Preferably automatic music library builder 710 includes a user interface, albeit a limited user interface, that enables a listener to select and categorize songs that are automatically imported into his digital music library. In an alternative embodiment of the present invention, a listener can specify his settings on his computer or PDA, and then load them into the device of the present invention using a USB cable or memory medium.
Preferably, the user interface displays the current song, a yes/no indicator, and the cumulative number of songs already recorded. Preferably, the user interface also enables a user to view an index of all songs recorded on the current memory unit, and to view an index of all songs recorded on all memory units.
In an alternate embodiment of the present invention, automatic music library builder 710 uses a television 770 to display a user interface. Preferably automatic library builder 710 includes a video out connector that can be used to connect into television 770. Selections from menu screens displayed on television 770 are preferably made using a control device, such as remote control unit 750, the control device preferably having directional buttons for left-right-up-down and a button for select.
In an enhanced embodiment, the present invention incorporates digital rights management. Specifically, meta-data for a song can also include the number of times the song was played on the broadcast music channel. Such number is preferably used to limit the number of times a listener can access the song from his music library by another digital music player.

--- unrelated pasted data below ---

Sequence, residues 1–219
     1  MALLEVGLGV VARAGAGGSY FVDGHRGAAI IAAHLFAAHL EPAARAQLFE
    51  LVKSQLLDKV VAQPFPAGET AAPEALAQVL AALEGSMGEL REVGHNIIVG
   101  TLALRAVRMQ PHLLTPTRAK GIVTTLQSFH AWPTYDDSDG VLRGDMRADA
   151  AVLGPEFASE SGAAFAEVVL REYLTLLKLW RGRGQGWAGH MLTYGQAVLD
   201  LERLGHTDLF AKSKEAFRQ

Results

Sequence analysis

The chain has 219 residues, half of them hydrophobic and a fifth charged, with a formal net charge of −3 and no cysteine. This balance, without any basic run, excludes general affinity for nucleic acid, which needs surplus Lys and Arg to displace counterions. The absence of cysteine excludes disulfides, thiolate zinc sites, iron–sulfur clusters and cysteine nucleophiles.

In reading the above description, persons skilled in the art will realize that there are many apparent variations that can be applied to the methods and systems described. Thus it may be appreciated that the analog audio and the video frame containing meta-data may be captured from different sources, instead of from a single television. Meta-data for broadcast songs may be available, for example, at a broadcaster's Internet site.
Alternatively, meta-data for broadcast songs may be extracted from a video or still image camera that photographs a display screen of a radio that includes meta-data. For example, XM and Sirius satellite radios display meta-data on their screens. Often broadcasters transmit meta-data in an encrypted form, and thus use of a camera enables determination of meta-data without the need to decrypt an encrypted data stream.
In an alternate embodiment of the present invention, meta-data may be included within a video broadcast, for example, as data within a vertical blanking (VB) channel. For such an embodiment, the present invention obtains meta-data by extraction from the VB channel.
It may be appreciated that the Music Capsules of the present invention may receive digital music from other devices, in addition to the Family Music Center. Thus the Music Capsules may be compatible with kiosks, such as music kiosks located in music distribution stores used for listening to songs prior to purchase.
In the foregoing specification, the invention has been described with reference to specific exemplary embodiments thereof. It will, however, be evident that various modifications and changes may be made to the specific exemplary embodiments without departing from the broader spirit and scope of the invention as set forth in the appended claims. Accordingly, the specification and drawings are to be regarded in an illustrative rather than a restrictive sense.
|Cited Patent||Filing date||Publication date||Applicant||Title|
|US4230990||Mar 16, 1979||Oct 28, 1980||Lert John G Jr||Broadcast program identification method and system|
|US5129036||Mar 30, 1990||Jul 7, 1992||Computer Concepts Corporation||Broadcast digital sound processing system|
|US5161251||Jul 29, 1991||Nov 3, 1992||Mankovitz Roy J||Apparatus and methods for providing text information identifying audio program selections|
|US5303326||Jul 6, 1992||Apr 12, 1994||Computer Concepts Corporation||Broadcast digital sound processing system|
|US5892536||Oct 3, 1996||Apr 6, 1999||Personal Audio||Systems and methods for computer enhanced broadcast monitoring|